and Ghosh, 1995)

Arunas Textile, on the contrary, receives their supplies from Bombay and Chennai. Unlike Saanthi Silk, their textiles were designed by hand without any help from technology. Their main customers are usually small businesses and vendors who help them sell and promote their products in different locations. Their concentration on religious objects is because of the high demand for it. Hindus have an obligatory worship that is practiced daily called puja. Fragrance from incense sticks is offered to deities to honour them. Arunas Textile offers these incense sticks so the worshippers can perform their religious practices at the temple or in their own houses. (Fowler, 1997)

KYLENE WEEE JO YEEN | 0309355. NURUL JANNAH MASTURAH BINTI JAILANI | 0310210. KEE TING TING | 0310019. MOK LING | 0306356

ENGL0205 RESEARCH PAPER: SAANTHI SILK. ARUNAS TEXTILE.

Both shops advertise themselves as much as they can to attract as many potential customers as many as possible. It is a marketing tool that helps to sell the products verbally and non-verbally. (Koekemoer and Bird, 2004). Advertising can create awareness amongst potential customers to bring a certain product to their attention and interests. Over the years, methods of advertising have changed with the development of technology that influences the extent of advertising and the cost of it. Arunas Textile and Saanthi Silk have different approaches to advertising and marketing of their products. Publicizing is important for both textile shops in order to make their products more known. A popular way of advertising in Malaysia is through the media. The main obstacle that they have to go through is the budget constraint due to it being one of the most expensive methods of marketing. (Yu, 1999) Each shop has a different advertising budget. New shops have smaller budget constrain thus it is difficult for them to advertise themselves through the media. Shops that have been around for a while tend to have a bigger financial plan that allows them to spend more on advertising and promoting their products. (Trehan and Trehan, 2008). Arunas Textile concentrates on advertising through electronic media such as television and online advertisements. They promote themselves on television as commercials in between channels or product placement. Product placement is a method for the shops to publicize their products by having said products used by actors in a television series or movie. It is an effective way to garner the viewers attention and interests when their favourite characters wear a certain brand. Any products that have been used in the series or movies will be stated in the credits of the show, giving information to the viewers of the brand or shops name. With their considerable budget limit, theyve decided to focus on broadcast advertising due to its popularity. On the other hand, Saanthi Silk, who chose media advertising as well, has a bigger budget that grants them a wider selection to advertising methods than Arunas Textile. Astro, a famous Malaysian broadcast television, is used by Saanthi Silk to have their commercials played in between television series. Although their main attention is on broadcast advertising but they also carry out printed advertising. They have ads on the daily newspaper, Tamil Malaysia and magazines. Although some traditional costumes like the saris managed to return to the fashion world, thanks to Bollywood actresses dressing up in bright glittering saris that exhibits the Indians pride in weaving and embroidery, Indian textile shops hope that other traditional costumes would return to its former glory as well. They will try to refine the old costumes to catch up with the current fashion trends and make sure that they can achieve their aspirations.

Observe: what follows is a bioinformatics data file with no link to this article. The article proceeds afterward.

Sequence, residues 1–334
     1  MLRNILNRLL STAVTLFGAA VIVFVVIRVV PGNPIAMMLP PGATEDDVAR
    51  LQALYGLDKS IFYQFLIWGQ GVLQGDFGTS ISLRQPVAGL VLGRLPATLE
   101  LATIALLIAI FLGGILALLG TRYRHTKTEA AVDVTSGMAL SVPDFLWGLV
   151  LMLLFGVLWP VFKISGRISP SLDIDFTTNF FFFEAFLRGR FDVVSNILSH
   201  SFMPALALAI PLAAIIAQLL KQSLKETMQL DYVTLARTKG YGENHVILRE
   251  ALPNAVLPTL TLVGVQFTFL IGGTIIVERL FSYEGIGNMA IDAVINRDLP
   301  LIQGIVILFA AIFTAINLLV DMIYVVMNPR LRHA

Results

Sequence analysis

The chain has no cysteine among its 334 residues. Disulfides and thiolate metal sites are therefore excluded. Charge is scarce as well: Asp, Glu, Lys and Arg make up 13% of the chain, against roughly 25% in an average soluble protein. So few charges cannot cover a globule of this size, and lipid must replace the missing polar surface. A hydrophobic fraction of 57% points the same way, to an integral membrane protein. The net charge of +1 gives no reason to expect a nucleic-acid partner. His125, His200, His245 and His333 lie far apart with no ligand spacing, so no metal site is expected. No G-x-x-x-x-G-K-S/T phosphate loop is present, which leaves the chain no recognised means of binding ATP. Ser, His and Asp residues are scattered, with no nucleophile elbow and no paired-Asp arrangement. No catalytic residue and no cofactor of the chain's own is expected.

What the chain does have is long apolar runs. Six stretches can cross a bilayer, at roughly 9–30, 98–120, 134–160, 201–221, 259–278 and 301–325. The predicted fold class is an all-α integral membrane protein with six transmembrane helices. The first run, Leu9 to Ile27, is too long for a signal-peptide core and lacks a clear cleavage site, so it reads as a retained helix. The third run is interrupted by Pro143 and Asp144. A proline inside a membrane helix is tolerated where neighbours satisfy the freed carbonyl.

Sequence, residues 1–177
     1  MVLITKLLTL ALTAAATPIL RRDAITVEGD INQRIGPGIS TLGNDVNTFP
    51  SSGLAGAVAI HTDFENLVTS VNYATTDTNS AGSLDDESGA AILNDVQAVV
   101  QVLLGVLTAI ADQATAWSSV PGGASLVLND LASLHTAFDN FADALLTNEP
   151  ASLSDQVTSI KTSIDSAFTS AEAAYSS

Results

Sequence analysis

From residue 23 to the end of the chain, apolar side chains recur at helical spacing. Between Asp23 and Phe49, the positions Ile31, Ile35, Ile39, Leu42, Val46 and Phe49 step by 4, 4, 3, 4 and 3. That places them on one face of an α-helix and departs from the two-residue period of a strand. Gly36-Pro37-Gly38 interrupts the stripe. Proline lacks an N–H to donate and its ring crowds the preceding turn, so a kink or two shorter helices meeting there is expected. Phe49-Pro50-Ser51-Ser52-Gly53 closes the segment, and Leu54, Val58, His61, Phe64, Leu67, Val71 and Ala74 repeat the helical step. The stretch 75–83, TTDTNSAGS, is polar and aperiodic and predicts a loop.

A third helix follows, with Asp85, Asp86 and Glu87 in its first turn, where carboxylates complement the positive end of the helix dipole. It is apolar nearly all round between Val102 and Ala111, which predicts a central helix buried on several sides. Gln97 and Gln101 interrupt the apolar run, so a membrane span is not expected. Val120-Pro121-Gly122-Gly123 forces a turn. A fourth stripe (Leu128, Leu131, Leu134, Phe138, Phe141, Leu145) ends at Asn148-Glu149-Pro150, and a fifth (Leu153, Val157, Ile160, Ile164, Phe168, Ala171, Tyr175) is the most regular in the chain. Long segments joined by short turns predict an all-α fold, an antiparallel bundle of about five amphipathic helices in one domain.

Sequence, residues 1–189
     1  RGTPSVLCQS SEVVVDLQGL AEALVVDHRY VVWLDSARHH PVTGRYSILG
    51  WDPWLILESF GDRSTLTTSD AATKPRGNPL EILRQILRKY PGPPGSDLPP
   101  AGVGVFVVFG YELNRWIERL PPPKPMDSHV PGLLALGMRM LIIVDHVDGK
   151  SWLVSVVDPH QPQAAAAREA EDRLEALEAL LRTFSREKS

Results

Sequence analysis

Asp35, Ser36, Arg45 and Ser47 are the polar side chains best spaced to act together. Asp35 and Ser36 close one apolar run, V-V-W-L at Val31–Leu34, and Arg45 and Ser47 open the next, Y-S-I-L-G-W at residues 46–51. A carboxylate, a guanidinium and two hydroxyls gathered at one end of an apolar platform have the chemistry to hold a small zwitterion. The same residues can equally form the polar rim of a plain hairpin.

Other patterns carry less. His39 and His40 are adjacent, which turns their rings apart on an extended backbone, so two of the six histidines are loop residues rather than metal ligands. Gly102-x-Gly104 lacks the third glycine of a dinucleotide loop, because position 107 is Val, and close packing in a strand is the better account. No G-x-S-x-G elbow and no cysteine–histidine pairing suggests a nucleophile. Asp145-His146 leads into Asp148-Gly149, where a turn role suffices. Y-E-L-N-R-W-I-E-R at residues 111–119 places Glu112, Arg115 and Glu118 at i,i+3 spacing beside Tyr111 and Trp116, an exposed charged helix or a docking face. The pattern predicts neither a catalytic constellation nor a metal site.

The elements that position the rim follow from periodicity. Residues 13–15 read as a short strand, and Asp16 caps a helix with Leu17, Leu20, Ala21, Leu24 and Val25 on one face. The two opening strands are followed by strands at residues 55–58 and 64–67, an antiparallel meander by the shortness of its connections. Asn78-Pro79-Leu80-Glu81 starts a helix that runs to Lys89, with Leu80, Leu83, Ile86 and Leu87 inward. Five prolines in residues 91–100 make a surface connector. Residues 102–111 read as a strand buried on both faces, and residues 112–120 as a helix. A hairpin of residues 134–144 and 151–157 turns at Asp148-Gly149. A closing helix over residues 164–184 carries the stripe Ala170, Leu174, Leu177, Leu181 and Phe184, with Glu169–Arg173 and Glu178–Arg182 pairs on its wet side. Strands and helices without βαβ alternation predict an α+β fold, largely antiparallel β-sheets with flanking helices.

KYLENE WEEE JO YEEN | 0309355. NURUL JANNAH MASTURAH BINTI JAILANI | 0310210. KEE TING TING | 0310019. MOK LING | 0306356

ENGL0205 RESEARCH PAPER: SAANTHI SILK. ARUNAS TEXTILE.